Health Care

Does your hospital still use pagers? Your personal information may be at risk

Hospitals across the country — including some in Kansas City — have been potentially exposing patient data every time they page one of their doctors.

While some hospitals have moved to secure, encrypted pager systems, others are still sending information over open radio waves that could include a patient's name, date of birth and medical diagnosis.

Those transmissions can be intercepted using free computer software and an antenna that costs less than $30, equipment often used by radio or tech hobbyists.

It's a potential security breach that has been documented on tech websites, but most patients don't know about it.

An information technology worker from Johnson County recently told The Star about the issue after he stumbled across hospital pager information while playing with an antenna, which he bought to get TV channels on his laptop computer. With a simple program, the antenna picks up radio signals that can be digitized.

Except instead of picking up local TV stations, he started seeing things like this, with the patient's and doctor's names included:

RQSTD RTM: (patient's name) 19 M Origin Unit: EDOF Admitting: (doctor's name) Level of Care: 1st Avail Medical Diagnosis: TONSILAR BLEED, ANEMIA, THROMBOCYTOPENIA

It was the personal patient data of a 19-year-old man, broadcast across the airwaves for anyone to read. And it was coming from a local hospital, which was sending the message to a doctor on a pager.

"When I first saw it I thought, 'How does this happen? Why is it not fixed?' This is 2018," he said. "One, We're still using pagers? And two, we're sending unprotected patient data to them?"

The Star is not naming the IT worker because of legal concerns about the Electronic Communications Protection Act, which extended restrictions on tapping phone lines to the interception of other electronic communications.

Although the man did not purposely seek out the hospital data, he wanted to bring attention to the fact that hospitals are not encrypting this information and it's easy for potential criminals to find and use for identity theft. He also believes that it may violate the Health Insurance Portability and Accountability Act (HIPAA).

John Riggi, senior adviser for cybersecurity and risk at the American Hospital Association, said all hospitals should move to secure, encrypted pager systems.

"When sending or receiving personal health information, the AHA recommends all hospitals and health systems use secure data transmission platforms that are in full compliance with standards of the HIPAA Data Privacy and Security Rules," Riggi said in an emailed statement.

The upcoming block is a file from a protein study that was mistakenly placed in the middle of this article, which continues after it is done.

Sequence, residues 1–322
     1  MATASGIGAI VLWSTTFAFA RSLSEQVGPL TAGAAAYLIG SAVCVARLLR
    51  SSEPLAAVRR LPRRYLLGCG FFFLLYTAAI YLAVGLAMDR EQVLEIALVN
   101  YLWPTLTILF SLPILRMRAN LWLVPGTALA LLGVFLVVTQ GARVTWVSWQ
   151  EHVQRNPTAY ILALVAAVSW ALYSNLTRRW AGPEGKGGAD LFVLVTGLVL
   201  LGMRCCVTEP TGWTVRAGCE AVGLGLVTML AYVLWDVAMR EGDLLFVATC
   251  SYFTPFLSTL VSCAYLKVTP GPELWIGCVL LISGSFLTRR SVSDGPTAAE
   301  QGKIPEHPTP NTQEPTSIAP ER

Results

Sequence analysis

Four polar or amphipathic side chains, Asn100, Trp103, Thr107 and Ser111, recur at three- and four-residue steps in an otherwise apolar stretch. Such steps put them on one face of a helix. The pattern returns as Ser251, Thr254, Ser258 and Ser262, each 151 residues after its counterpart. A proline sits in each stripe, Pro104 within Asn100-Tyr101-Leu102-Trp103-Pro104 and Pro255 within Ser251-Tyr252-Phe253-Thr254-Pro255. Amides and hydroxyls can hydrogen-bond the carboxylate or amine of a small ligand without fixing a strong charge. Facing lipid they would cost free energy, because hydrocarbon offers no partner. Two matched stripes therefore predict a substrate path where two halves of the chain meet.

But not all have.

The Johnson County IT worker saw patient data from the University of Kansas Hospital, Cass County Regional, Liberty Hospital, Children’s Mercy Hospital, St. Mary's Medical Center and Wesley Medical Center in Wichita. He has seen some from as far away as Michigan and Kentucky.

The unencrypted data included information on hundreds of patient visits, some of them for particularly sensitive issues like drug overdose, suicidal thoughts and alcohol withdrawal.

The Star contacted a few of the patients to verify that the pager data is real, but is not using their names to protect their privacy.

A woman from St. Charles, Mo., confirmed that she had been hospitalized for lightheadedness at Missouri Baptist Medical Center in St. Louis on May 28.

"You're sitting there telling me exactly what happened to me, so what the hell?" she said.

A Kansas City woman, whose son's visit to Children's Mercy was transmitted over unsecured radio waves, also said she felt violated.

"I think something needs to be changed," she said. "Who knows what else is going on, if it's that easy for that information to get out there? There's a big security breach there and it needs to be stopped."

The St. Charles woman said she has grown somewhat accustomed to hearing about data breaches on social media sites like Facebook, but was shocked to hear of a hospital sending personal medical information over unencrypted airwaves.

"For a hospital to have records out there like that, that's unacceptable," she said. "It's totally unacceptable."

Missouri Baptist did not respond to a request for comment.

Responses from other hospitals were varied.